Help Along the Way

As I write about my Ford experiences, I have been repeatedly reminded how much other people were a part of any success I experienced.

Without my father and mother-in-law’s relationship with Joe and Sue Clark (not to mention the fact that they, not me, contacted Joe on my behalf), I would have never had the opportunity to be hired at the Nashville Glass Plant.

Joe was a maintenance general foreman, much like a master sergeant in the army, whose reputation, influence and 30 plus years experience far exceeded his organizational status. Only later did I understand the personal risk he assumed by recommending me for hire. Not only did Joe intercede on my behalf, he and Sue asked us to live with them until we could get established and find a place of our own. The first 3-4 weeks after we moved to Nashville, Ann and I lived in their very comfortable mother-in-law suite. On several occasions during my time at the Nashville Glass Plant I benefited from my relationship with Joe. Most of the time it was because of his initiative not mine.

Ann and I had just purchased and moved into our first home a few days before I accepted the job offer. We were certainly doing better financially but we still had little personal discipline and even less cash. The new job held promise of better times but the the move to Louisville and associated expenses was truly frightening. There was no Joe and Sue Clark waiting to help out. We had to sell our new home and the possibility of taking a loss was real.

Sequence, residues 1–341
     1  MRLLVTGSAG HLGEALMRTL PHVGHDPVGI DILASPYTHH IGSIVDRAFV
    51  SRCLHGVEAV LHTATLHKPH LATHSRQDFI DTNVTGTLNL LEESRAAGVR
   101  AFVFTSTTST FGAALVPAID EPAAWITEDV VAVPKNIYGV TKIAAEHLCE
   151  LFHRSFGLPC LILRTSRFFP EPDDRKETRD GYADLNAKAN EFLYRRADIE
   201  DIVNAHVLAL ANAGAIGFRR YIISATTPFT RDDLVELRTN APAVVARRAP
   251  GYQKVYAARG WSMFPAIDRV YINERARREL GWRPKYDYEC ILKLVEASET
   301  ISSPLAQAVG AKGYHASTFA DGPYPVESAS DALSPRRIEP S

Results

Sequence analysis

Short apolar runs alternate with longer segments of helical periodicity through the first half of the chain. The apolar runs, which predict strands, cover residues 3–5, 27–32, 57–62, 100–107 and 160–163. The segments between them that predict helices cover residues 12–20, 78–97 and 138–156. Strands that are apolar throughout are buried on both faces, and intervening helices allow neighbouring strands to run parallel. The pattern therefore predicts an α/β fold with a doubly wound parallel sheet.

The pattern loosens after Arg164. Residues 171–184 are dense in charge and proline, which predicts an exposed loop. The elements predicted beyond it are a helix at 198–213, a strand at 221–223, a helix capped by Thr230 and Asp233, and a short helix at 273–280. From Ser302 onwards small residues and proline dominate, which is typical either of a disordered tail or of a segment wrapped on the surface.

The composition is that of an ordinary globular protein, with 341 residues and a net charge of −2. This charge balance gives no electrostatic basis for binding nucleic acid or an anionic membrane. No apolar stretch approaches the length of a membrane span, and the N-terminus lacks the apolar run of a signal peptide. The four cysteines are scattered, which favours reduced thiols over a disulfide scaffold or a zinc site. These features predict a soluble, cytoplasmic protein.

Nashville Glass Plant was notified that I had been offered a ob in Louisville as a production foreman. Because I was an hourly employee, there were no relocation benefits available. We would have to bear whatever expenses the move cost us. I visited the personnel office to begin the process of terminating my position as an hourly employee and then being hired as a salaried employee at the Louisville Assembly Plant. I was grateful to learn that my time as an hourly employee would count toward my Ford service. I remember how gracious and helpful the people in the personnel office were.

At some point in the process, a supervisor took me aside and told me they were going to process my paper work and hire me as a salaried employee at the Nashville Glass Plant and then they would transfer me to the Louisville Assembly Plant. What it amounted to was a paper only transaction but what it would do is entitle me to relocation benefits as a salaried employee. Our moving expenses would be paid by Ford Motor Company and the sale of house would also be covered. I was stunned. It was truly a gift. Someone was willing to something that was not required of them to help out. I have always thought that Joe Clark may have had a hand in that but I never had any way to confirm it.

We were on our way to Kentucky


As I wrote this post I was reminded that my Ford employment was not the first time I had benefitted from others along the way. After I graduated from high school my Dad contacted his cousin who was business agent for the local Operating Engineers Union and he arranged for me to get a job as a Pump Operator at a construction site at the Redstone Arsenal in Huntsville. Despite my unqualified status, I was hired and paid a very good wage. I worked that job until I left for college.